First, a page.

5 Great BDCs To Make The Most Of A Rising Rate Environment

After years of soft interest rates, investors are slowly being confronted by a firmer rate environment. This clearly shows in the market’s fear gauge, the CBOE Volatility Index’s recent six-month high. Further, the S&P 500 plummeted 10% before picking up.  And with the Fed intent on raising rates this month, things will only get tougher for equity markets.

However, it isn’t that rates are detrimental for stocks of all classes. One class of companies which gains when rates rise is business development corporations (BDCs). Not only do BDCs pay out an average dividend of nearly 10%, they also act as a buffer against rising rates. This is why they would make great additions to your portfolios at this point in time.

Why Do Rising Rates Drag Down Stocks?

The Federal Reserve has raised rates thrice this year and is set to announce another hike in December. The yield on the 10-year Treasury bond has increased by more than 100% since 2016 and recently hit a seven-year peak. Firmer rates are in the end the outcome of a booming economy. Under such circumstances, rates can only go up.

For years, investors and companies have become used to a soft interest rate regime. Corporations have borrowed on the cheap, enabling them to finance their expansion at low costs. However, they are now faced with a spike in rates. This makes it tough to finance operations and service existing debt.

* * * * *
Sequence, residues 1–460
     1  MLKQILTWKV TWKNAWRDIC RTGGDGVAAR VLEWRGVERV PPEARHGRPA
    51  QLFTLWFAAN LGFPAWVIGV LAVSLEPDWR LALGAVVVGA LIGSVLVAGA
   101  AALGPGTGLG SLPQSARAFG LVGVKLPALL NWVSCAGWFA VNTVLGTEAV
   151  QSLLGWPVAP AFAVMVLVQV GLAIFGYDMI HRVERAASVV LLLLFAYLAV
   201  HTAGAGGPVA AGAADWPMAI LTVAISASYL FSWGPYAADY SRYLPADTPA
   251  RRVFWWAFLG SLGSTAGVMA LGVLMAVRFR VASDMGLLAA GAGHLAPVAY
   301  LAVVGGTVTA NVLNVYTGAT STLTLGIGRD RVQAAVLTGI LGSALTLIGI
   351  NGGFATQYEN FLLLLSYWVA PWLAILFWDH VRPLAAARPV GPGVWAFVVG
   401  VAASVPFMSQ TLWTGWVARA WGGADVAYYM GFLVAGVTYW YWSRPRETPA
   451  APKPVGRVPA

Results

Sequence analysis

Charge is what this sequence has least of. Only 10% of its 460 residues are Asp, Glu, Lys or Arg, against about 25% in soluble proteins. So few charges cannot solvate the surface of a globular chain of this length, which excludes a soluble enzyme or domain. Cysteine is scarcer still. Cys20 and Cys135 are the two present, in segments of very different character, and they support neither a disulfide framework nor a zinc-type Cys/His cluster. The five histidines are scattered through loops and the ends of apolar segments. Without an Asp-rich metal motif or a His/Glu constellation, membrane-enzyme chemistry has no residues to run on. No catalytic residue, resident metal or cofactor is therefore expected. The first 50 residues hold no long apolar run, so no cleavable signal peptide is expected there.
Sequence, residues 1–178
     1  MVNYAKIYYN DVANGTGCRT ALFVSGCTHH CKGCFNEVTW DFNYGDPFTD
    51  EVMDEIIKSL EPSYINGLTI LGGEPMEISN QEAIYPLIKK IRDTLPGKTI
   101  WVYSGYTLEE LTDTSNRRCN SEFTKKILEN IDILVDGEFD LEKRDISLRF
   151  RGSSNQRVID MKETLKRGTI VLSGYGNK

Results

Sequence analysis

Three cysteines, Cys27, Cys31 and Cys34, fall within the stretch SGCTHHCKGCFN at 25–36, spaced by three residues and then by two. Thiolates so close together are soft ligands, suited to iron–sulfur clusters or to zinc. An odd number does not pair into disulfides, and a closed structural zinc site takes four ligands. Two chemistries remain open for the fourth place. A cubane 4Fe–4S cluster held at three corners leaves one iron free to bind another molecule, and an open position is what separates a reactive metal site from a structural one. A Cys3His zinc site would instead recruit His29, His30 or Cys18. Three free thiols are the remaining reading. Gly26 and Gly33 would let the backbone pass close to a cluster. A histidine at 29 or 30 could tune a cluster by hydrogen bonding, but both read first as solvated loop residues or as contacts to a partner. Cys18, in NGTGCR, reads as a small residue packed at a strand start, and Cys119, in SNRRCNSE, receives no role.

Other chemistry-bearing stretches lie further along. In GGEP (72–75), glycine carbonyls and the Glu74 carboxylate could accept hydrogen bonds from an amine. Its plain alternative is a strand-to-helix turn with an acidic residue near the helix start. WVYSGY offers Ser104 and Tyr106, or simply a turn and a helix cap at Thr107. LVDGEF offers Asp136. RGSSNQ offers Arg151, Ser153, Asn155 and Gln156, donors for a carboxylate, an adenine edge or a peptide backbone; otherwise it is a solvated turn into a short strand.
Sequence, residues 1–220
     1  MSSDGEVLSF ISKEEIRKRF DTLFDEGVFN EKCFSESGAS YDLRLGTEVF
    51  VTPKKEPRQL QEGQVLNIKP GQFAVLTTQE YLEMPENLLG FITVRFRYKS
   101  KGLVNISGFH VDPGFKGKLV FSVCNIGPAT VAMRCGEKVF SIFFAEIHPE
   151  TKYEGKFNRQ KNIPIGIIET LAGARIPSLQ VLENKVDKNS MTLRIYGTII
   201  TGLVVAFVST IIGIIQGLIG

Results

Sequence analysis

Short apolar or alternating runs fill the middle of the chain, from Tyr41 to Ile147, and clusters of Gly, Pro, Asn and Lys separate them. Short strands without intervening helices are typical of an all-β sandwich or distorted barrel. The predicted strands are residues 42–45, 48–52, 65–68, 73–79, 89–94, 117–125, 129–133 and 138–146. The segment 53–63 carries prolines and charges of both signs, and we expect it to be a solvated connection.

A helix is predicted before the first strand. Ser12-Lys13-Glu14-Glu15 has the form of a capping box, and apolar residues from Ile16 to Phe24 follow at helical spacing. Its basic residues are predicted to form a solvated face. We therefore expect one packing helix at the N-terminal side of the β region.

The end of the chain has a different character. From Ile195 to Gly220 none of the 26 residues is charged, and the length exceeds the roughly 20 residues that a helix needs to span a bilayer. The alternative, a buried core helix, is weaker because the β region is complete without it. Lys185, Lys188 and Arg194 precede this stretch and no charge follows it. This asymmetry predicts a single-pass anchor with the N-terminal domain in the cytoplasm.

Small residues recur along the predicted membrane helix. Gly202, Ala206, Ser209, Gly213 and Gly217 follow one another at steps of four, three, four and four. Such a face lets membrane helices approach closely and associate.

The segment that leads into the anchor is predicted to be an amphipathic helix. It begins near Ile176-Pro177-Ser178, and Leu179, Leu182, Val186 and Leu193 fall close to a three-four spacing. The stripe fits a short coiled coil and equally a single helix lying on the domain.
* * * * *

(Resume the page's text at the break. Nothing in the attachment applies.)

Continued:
This is why higher rates push down company earnings and ultimately drag share prices lower. Ultimately, this has a widespread impact on broader equity markets. Per a study by Bridgeway Capital Management, the long-term average gain of the S&P 500 in a soft rate regime is 13.3%. However, when rates climb, this return is slashed by nearly half.

Why BDCs Prosper When Rates Climb

BDCs usually invest in privately held small to mid-sized businesses. Companies suffering from financial distress are their primary targets. In a sense, they are similar to venture capital funds, which are open only to institutional investors.

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